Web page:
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I'm looking into using Backbone.js and node.js to write a small web app. Sharing code between the client and sever is attractive.

I can't figure out how clients without JS (and search engines) should interact with the site. How should form validations and rendering work with no client-side JavaScript work?

Of course, I'd like to do this without code duplication. Seems to me the point of Backbone.js and other server-side js is that you can have the same form validations and template/view generation on the server AND client.

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form validation is done on the server. rendering is done on the server (data -> html translation). – Raynos Sep 5 '11 at 20:37

2 Answers 2

If you have your view coded with javascript, search engines are buggered as they conform to a more traditional web (one url, one state, one page) and don't understand javascript.

You need to use graceful up-gradation if you want to provide a rich experience and support search engines.

With graceful up-gradation, you code your website with no client side javascript, get it all working nice a nifty. Then you use javascript to upgrade the experience. In most cases this is actually easier, as the upgrade process can be automated. See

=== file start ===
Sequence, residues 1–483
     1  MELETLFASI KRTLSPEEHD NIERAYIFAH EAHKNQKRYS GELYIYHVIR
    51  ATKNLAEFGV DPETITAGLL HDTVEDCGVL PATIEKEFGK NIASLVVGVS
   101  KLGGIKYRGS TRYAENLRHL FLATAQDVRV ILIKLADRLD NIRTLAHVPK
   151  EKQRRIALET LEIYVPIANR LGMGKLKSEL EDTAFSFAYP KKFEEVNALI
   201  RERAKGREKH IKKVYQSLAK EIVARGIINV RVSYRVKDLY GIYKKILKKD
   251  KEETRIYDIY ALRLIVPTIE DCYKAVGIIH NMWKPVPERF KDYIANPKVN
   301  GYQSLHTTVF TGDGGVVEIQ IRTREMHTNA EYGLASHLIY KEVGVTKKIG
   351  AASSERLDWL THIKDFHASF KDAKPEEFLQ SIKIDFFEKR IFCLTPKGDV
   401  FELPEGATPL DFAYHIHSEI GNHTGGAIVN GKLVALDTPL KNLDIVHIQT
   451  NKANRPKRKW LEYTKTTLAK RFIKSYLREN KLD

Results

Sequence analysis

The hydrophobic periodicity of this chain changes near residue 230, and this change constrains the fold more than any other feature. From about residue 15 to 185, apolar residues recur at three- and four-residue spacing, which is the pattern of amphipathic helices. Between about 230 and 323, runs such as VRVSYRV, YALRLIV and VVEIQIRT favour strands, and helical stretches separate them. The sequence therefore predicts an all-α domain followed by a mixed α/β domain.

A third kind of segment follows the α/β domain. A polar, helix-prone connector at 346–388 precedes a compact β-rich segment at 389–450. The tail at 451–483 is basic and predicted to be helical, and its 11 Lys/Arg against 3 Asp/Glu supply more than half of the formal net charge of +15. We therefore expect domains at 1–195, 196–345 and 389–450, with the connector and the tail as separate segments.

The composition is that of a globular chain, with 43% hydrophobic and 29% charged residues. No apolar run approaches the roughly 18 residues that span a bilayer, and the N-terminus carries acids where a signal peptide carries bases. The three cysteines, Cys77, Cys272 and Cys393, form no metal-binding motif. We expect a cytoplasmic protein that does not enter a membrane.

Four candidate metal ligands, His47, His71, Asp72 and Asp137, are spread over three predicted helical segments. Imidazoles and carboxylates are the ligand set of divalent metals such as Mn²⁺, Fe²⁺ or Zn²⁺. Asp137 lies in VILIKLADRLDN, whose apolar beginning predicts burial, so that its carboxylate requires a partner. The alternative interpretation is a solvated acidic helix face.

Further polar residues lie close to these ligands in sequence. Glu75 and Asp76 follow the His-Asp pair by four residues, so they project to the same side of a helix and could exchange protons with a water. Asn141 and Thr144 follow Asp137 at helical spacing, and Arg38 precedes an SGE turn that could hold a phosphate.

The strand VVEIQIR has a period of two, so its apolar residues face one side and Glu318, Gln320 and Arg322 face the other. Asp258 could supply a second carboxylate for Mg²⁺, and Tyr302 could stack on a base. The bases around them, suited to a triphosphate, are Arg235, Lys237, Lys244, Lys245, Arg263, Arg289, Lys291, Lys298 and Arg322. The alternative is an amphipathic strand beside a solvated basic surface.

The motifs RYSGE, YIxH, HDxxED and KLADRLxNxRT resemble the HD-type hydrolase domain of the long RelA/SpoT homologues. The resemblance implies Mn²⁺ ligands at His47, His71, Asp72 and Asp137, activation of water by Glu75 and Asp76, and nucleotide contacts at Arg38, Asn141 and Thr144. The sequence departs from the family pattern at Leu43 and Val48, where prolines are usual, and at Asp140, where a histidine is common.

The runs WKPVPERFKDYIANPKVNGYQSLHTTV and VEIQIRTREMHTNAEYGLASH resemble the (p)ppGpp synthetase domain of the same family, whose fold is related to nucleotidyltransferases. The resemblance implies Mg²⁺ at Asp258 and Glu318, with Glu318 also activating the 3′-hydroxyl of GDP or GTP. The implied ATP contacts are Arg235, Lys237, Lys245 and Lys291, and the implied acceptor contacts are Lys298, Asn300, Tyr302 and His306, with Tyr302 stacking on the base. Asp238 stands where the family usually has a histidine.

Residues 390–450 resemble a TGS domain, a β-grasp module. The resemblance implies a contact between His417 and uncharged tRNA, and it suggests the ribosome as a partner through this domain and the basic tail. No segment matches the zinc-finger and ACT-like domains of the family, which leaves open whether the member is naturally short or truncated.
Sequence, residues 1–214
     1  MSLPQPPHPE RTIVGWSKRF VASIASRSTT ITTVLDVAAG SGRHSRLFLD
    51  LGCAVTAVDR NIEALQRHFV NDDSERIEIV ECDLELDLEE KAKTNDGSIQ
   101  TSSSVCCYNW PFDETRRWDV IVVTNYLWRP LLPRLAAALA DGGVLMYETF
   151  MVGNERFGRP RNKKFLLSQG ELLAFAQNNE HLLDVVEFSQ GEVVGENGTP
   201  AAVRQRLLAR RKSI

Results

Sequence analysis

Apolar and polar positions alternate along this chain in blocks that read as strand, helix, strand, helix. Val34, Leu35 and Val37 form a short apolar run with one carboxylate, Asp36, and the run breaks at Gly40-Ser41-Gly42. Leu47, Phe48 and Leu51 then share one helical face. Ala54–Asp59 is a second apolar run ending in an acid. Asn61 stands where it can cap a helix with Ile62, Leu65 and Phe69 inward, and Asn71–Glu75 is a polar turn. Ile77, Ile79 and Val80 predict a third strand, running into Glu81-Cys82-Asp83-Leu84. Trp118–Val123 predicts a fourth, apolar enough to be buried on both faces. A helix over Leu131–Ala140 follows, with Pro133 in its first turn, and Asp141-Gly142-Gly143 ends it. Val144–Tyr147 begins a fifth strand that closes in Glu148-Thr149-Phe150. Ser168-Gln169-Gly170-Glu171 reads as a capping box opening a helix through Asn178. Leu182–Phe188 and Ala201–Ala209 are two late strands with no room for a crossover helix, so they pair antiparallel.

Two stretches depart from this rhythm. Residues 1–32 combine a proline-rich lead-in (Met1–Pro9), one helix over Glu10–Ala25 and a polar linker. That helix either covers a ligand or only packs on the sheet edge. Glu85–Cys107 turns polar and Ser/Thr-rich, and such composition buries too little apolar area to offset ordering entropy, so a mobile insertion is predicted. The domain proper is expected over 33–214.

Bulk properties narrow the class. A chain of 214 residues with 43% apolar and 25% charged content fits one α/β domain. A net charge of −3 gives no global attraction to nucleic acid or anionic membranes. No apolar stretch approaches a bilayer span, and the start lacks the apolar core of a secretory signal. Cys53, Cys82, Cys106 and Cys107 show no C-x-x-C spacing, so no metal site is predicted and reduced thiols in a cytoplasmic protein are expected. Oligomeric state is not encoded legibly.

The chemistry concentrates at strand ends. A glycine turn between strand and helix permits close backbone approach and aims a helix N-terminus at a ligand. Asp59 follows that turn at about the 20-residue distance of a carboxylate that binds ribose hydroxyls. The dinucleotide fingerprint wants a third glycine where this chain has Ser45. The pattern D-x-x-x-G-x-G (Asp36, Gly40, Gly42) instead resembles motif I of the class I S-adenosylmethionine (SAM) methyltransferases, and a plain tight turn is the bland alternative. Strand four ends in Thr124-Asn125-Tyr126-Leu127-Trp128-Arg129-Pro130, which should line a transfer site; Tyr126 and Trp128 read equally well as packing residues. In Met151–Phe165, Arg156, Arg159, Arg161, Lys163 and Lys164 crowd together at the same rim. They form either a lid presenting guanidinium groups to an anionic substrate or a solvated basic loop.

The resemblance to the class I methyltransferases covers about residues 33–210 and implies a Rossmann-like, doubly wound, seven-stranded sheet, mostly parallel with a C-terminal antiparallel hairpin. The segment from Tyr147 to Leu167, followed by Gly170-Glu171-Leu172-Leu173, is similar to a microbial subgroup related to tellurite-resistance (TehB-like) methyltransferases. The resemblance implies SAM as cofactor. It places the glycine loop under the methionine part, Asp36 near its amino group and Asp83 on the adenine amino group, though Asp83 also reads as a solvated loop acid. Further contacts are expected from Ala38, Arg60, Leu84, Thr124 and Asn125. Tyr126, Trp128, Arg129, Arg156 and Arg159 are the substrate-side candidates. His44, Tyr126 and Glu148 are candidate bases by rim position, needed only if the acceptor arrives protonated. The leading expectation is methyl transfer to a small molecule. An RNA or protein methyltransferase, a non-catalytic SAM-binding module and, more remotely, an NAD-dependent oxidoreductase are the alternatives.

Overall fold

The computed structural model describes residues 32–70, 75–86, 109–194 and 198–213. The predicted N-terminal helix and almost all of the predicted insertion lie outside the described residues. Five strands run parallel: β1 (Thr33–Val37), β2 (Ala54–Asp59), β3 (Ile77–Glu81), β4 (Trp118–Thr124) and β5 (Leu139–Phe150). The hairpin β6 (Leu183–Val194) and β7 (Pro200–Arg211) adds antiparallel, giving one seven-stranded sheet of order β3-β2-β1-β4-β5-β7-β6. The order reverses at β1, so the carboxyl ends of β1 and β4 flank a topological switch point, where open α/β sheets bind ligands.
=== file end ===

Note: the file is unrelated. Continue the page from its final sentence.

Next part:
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Right -- but I was hoping that sharing code between server and client (and having the server generate the view/html code with the same javascript as would run on the client) would make it possible to make sites that would work with no client-side javascript without having to duplicate code. – Joe Van Dyk Sep 6 '11 at 20:41
Why would you have to duplicate code? – balupton Sep 6 '11 at 21:25
I'm not sure how to have backbone.js render views on the server side for clients without javascript enabled. I'm not sure how to have backbone.js on the server handle form validation. None of the tutorials/examles I've seen show backbone.js (or other frameworks) working without client-side js enabled. – Joe Van Dyk Sep 6 '11 at 21:32
You can create server-side windows with the jsdom package. See and for an example which uses jQuery – balupton Sep 6 '11 at 23:30

Validating the form data on the client side is a good practice because it saves a user from potentially having to re-enter what was written if it does not validate on the server. Validating on the client side does not remove the need to validate on the server, as your question helps point out, because there is no guarantee JavaScript will be running or even that the form used is the one on your server.

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